Your audience is cheating on you (and they think the internet is more useful)

The latest batch of statistics from the Center for Media Research includes some interesting findings on media consumption. Firstly: readers/viewers apparently have an A-level-essay approach to news: ‘compare and contrast’:

“respondents reported using many of those brands daily or, in the case of Internet news sites, many times a day. The reasons given for visiting a number of sources included “every news event has at least two sides,” to “get all the facts,” to “form my own opinion,” or to find specific types of content, such as local news.”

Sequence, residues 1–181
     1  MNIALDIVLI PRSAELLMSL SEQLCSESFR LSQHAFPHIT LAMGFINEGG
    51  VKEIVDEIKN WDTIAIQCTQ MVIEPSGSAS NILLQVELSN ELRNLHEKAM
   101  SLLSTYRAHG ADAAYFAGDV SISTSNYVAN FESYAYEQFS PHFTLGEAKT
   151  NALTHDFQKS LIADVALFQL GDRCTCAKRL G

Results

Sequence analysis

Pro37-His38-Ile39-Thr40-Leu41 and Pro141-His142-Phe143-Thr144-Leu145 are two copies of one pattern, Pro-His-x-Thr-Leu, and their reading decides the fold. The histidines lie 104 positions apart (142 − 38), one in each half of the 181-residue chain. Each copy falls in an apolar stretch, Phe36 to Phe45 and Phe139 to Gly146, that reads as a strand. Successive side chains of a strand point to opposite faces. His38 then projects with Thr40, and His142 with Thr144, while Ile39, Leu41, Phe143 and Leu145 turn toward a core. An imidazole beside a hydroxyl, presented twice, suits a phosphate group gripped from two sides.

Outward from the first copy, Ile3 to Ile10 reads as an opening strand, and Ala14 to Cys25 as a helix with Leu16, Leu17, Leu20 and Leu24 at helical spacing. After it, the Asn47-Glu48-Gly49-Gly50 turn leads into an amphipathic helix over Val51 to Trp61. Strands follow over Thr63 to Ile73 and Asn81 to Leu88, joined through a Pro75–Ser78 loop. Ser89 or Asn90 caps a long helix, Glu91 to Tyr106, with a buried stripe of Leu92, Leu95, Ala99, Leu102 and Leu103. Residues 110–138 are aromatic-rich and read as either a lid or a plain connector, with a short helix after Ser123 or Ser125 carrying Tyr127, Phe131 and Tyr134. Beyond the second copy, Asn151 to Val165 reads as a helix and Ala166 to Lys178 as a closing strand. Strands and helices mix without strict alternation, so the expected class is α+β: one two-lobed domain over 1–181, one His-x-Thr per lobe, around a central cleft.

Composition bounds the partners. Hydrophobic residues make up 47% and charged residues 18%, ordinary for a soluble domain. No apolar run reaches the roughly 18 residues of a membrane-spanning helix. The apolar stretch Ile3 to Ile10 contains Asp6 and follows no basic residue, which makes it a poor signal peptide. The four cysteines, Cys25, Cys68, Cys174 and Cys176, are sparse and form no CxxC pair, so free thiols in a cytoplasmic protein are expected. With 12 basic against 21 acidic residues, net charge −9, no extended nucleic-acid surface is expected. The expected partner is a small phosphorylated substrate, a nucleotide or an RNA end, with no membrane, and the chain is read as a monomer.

Secondly, the internet is the second “most useful” medium, after television – 8% ahead of newspapers.

There’s some cute categorisation of news consumers based on motivation: “citizen readers,” “news lovers,” and “digital cynics” make up a combined 75%, with the other quarter consisting of “traditionalists”, “headliners”, “uninvolved”, and “few main sources” (not quite so catchy, that one). Click the link for more pigeonholing.

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